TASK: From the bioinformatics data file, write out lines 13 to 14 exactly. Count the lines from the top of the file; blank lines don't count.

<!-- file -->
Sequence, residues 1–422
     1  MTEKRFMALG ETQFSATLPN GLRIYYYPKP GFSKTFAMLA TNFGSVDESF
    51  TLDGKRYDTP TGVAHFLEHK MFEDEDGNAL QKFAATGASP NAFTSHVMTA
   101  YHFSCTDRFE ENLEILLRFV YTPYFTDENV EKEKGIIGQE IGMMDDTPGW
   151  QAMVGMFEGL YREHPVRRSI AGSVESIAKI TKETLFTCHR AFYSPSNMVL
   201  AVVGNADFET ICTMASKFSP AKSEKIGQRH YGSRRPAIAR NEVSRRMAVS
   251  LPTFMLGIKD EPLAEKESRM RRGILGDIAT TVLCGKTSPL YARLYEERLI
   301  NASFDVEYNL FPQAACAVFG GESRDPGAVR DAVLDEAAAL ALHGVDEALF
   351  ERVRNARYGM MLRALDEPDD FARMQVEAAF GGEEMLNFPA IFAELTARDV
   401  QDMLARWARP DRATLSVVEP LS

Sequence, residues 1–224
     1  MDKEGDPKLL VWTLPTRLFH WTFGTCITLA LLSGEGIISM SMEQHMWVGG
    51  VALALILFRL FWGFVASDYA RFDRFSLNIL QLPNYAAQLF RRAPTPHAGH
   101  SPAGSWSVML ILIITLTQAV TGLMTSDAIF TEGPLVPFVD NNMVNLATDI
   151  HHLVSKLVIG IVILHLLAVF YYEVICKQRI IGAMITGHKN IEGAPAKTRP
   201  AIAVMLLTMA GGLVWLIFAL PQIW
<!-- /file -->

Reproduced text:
    51  VALALILFRL FWGFVASDYA RFDRFSLNIL QLPNYAAQLF RRAPTPHAGH
   101  SPAGSWSVML ILIITLTQAV TGLMTSDAIF TEGPLVPFVD NNMVNLATDI